The sound of the joyful players of Black Dyke celebrating on the stage of the De Doelen Hall; complete with crashing gongs, cymbals and impromptu vocal chants of ‘We are the Champions’ will surely have been heard back home in Queensbury after Dr Nicholas Childs led his band to victory at the European Championships.
By producing two stunningly consistent performances of the set work, ‘Vita Aeterna Variations’, and their own choice selection of ‘Revelations’, they reclaimed the iconic Milton Stevens trophy for the first time since 2005, and in the process lay claim to also regaining the unofficial title as the best brass band in the world.
In a contest that held the audience completely engrossed over its two days, Dyke’s win in the set work, and third place in the own choice discipline gained them a clear four point winning margin over the impressive Belgian champion, Noord Limburgse, directed by the flamboyant Ivan Meylemans.
Their brace of performances over the two days drew admiration from critics and rivals alike, with a superbly constructed rendition of their own choice selection, ‘Old Licks Bluesed Up’ enhanced by the stunning prize winning contribution of bass trombonist, Erwin Kelchtermans.
There was a form of Benelux bedlam on the hall when it was announced that Brass Band Schoonhoven had been placed third—especially when compere Frank Renton had stoked up the fevered atmosphere with the news that the band had gained an almost incomprehensible 99 points for their own choice rendition of ‘Audivi Media Nocte’.
There was to be no repeat of last year’s Nordic triumph as reigning champion Manger Musikklag sank to seventh place.
They were placed an almost equally incomprehensible 9 points behind their Dutch counterparts for their rendition of the Oliver Waespi own choice selection by the judges Edward Gregson, Karl Ole Midtbo and Klaas van der Woude.
Meanwhile, Eikanger Bjorsvik Musikklag never quite lived up to their pre-contest favourites tag as they could only come fourth, whilst there was to be no emotional fairy tale contesting ending for Dr Robert Childs and Cory, as the Welsh champion’s fifth place drew gasps of surprise from the packed De Doelen hall.
There was some Celtic joy however as Co-operative Funeralcare gave Scotland their best result at the contest since 2004.
With arguably the strongest field ever assembled for the contest providing arguably some of the finest playing heared at the event too, excellent performances from the likes of Ensemble de Cuivres Valaisan, Nord Pa-de-Calais, Oberosterreich and Lyngby Taabaek had to be content with the minor placings.
Here to win it
There was only one place that did count more than most though—and that was claimed by Black Dyke.
"You have to be here to win it," their champagne soaked MD told 4BR.
"I have a wonderful band to conduct, all of whom work so hard. Yesterday on the set work was very special, but to rise again to play like we did on our own choice selection was perhaps an even greater effort."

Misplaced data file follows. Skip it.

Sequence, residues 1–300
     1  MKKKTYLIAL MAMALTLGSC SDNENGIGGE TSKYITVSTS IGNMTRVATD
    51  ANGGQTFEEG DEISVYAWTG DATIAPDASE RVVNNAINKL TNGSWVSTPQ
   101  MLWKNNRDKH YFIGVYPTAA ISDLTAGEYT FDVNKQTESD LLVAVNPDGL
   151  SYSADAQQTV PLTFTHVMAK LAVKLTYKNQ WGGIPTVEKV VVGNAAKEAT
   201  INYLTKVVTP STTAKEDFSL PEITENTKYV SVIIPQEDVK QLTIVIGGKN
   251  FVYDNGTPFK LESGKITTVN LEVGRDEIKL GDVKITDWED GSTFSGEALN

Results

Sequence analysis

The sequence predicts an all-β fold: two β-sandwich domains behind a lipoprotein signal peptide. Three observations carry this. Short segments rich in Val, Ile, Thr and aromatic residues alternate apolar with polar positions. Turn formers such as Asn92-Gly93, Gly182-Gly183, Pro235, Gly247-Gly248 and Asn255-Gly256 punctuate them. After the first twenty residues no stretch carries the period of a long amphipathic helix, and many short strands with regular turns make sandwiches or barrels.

Whilst acknowledging that the victory came as a team effort, he also heaped praise on his soloists, with particular mention to his trio female leads in Sheona White, Katrina Marzella and Zoe Hancock on the set work, and the euphonium duo of Gary Curtain and Ian Yates on the set work.
With the victory ensuring that Dyke will now defend their title in Oslo in 2013, the MD also confirmed that he would be leading the newly crowned champion at the English National Championships in Preston in a few weeks time.
"That’s been in the diary for a long time, and we will be there determined to retain that title too," he added. "I want this to be a very special year for the band, so there will be no easy options."
B Section victory
Earlier in the B Section, there was delight for the players and especially the colourful MD, Uwe Koeller of Austrian Brass Band of the University of Music and Performing Arts Graz, as they took the title in stunning fashion.
Their performances of the set work, ‘Light in the Darkness’ and their own choice selection of ‘Music of the Spheres’ gave them a commanding victory over second placed Brass Band Heman of Holland, with Brass Band Wipptal of Italy in third.
I have a wonderful band to conduct, all of whom work so hard. Yesterday on the set work was very special, but to rise again to play like we did on our own choice selection was perhaps an even greater effortDr Nicholas Childs
Test piece: 'Vita Aeterna Variations' (Alexander Comitas)
Adjudicators: set work:
Arsene Duc, Andrew Berryman and Frans Violet
Adjudicators own choice:
Professor Edward Gregson, Karl Ole Midtbo and Klaas van den Woude
1. Black Dyke, (8/2) 98/97=195
Dr Nicholas Childs
2. Noord-Limburgse, (7/5) 93/98=191
3. Brass Band Schoonhoven, (5/10) 91/99=190
4.Eikanger-Bjorsvik Musikklag (2/11) 95/94=189
Professor David King
5. Cory, (4/1) 96/92=188
Dr Robert Childs
6. Co-operative Funeralcare (1/9) 90/96=186
7. Manger Musikklag, (3/3) 94/90=184
Peter Sebastian Szilvay
8. Ensemble de Cuivres Valaisan (11/8) 89/95=184
Jean Francois Bobillier
9. Brass-Band Nord Pas-de-Calais, (6/4) 86/91=177
10. Brass Band Oberosterreich, (9/7) 88/88=176
11. Lyngby-Taarbaek (10/6) 87/89=176
Best Soloist: Erwin Kelchtermans (Bass trombone) — Noord-Limburgse
Test piece: 'Light in the Darkness (Joop van Dijk) and Own Choice
Adjudicators: Arsene Duc, Andrew Berryman and Frans Violet
1. Austria Brass Band of the University of Music and Performing Arts Graz (3) — 95
Professor Uwe Koller
2. Brass Band Heman (2) — 93
Anne van den Berg
3. Brass Band Wiptal (1) — 92
4. 1st Old Boys Silver Band (4) — 91
Best Soloist: Silvio Rether, Austria Brass Band